The Oscar-winning actress Angelina Jolie has condemned sexual violence in a speech at a UN peacekeeping conference and called upon international conflict negotiators to do more to protect victims.
Delivering the keynote address at the UN Peacekeeping Defense Ministerial Conference in Vancouver, Jolie said more should be done to prevent and punish sexual predators targeting vulnerable individuals.
“[Sexual violence] is cheaper than a bullet, and it has lasting consequences that unfold with a sickening predictability that make it so cruelly effective,” she said.
She continued: “Even if we accept that sexual violence has nothing to do with sex, that it is a crime, and that it is used as a weapon, many people still believe that it is simply not possible to do anything about it.
“It is hard, but it is not impossible. We have the laws, the institutions, and the expertise in gathering evidence. We are able to identify perpetrators. What is missing is the political will.”
Jolie also referenced the sexual harassment scandals engulfing various different industries in recent months. She was one of the first women to come forward with allegations about the disgraced Hollywood mogul Harvey Weinstein, Jolie told the New York Times in October that she had a “bad experience” in a hotel room with Weinstein in 1998, and refused to work with him as a result.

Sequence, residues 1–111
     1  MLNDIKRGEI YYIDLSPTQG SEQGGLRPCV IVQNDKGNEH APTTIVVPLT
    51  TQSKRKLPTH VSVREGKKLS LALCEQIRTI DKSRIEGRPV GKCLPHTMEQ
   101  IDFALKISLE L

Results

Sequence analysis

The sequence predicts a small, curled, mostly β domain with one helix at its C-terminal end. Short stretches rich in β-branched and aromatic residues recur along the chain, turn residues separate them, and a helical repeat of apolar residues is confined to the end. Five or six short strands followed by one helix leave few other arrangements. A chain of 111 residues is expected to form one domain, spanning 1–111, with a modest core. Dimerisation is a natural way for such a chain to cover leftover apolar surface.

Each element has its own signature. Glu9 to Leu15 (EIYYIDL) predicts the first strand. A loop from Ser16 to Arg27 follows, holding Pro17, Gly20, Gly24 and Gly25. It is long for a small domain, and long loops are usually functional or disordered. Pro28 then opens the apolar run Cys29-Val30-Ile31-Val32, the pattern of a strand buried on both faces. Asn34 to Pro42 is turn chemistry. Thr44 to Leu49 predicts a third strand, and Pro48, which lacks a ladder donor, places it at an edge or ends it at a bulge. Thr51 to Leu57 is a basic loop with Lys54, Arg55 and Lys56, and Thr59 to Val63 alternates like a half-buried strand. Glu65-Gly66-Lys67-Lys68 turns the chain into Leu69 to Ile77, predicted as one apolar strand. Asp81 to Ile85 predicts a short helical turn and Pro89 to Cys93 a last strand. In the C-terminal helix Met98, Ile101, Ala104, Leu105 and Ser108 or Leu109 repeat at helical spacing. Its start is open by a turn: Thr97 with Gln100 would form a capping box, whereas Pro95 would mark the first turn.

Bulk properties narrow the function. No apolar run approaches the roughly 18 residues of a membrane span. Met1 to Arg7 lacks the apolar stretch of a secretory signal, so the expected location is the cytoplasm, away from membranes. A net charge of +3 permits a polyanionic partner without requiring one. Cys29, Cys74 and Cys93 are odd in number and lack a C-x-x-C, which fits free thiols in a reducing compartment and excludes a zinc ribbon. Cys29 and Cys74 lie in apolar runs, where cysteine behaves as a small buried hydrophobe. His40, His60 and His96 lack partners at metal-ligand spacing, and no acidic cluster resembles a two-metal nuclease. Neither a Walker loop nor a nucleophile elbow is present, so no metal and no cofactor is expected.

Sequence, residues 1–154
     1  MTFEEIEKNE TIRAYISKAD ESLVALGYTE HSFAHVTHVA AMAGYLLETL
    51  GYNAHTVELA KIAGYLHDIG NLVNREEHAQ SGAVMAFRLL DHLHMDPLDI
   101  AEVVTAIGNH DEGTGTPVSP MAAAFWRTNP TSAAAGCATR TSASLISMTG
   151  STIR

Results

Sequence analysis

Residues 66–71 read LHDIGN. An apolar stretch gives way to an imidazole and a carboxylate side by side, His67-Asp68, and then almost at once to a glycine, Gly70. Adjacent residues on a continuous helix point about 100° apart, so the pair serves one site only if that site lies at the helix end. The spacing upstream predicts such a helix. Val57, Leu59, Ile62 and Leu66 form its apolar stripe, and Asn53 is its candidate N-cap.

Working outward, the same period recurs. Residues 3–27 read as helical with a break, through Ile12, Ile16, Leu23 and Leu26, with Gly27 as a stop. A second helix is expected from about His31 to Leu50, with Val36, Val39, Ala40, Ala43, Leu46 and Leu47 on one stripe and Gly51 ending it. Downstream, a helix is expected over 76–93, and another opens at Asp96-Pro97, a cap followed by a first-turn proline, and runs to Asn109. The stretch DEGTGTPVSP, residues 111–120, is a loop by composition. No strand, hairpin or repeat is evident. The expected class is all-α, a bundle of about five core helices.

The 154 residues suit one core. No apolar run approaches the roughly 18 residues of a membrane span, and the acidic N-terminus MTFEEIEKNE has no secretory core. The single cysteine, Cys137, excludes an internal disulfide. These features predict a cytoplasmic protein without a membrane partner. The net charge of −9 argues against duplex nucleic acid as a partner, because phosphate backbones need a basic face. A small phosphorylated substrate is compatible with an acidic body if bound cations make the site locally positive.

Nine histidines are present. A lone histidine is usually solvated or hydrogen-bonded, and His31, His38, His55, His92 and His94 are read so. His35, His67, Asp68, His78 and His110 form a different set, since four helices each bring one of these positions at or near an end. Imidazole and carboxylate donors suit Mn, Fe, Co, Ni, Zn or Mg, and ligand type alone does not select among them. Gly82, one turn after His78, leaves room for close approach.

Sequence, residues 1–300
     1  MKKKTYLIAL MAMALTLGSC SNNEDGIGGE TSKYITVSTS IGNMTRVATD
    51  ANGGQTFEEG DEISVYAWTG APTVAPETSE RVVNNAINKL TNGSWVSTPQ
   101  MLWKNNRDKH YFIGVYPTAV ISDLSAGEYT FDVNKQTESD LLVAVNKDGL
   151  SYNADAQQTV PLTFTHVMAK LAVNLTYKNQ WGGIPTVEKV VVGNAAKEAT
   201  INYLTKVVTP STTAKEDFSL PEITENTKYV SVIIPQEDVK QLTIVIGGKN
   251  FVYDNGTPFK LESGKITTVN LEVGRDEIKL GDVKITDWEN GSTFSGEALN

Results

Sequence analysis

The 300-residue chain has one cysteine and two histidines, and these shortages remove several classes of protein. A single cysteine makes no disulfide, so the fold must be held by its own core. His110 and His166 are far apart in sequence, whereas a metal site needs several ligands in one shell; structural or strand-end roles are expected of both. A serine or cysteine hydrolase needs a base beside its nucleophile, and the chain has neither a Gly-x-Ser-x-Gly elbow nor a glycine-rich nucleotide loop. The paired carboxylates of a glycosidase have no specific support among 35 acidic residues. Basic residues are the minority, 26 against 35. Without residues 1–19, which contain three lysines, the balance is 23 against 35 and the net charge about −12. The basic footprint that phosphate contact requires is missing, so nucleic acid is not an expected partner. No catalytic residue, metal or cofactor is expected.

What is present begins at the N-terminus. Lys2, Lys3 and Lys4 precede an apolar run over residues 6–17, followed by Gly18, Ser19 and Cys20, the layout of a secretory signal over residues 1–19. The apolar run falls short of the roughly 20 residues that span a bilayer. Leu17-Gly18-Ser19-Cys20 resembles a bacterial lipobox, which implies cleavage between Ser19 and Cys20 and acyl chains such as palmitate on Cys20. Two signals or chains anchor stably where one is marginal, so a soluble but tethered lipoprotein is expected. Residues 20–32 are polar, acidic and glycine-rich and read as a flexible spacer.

“Sexual violence is everywhere – in the industry where I work, in business, in universities, in politics, in the military, and across the world,” she said. “All too often, these kinds of crimes against women are laughed off, depicted as a minor offense by someone who cannot control themselves, as an illness, or as some kind of exaggerated sexual need. But a man who mistreats women is not oversexed. He is abusive.”
Jolie has made sexual violence a key part of her activism in recent years, particularly the epidemic of forced marriages in Cambodia, a country for which Jolie was awarded citizenship in 2005. She recently directed a film about the Cambodian genocide, First They Killed My Father, which debuted on Netflix this summer.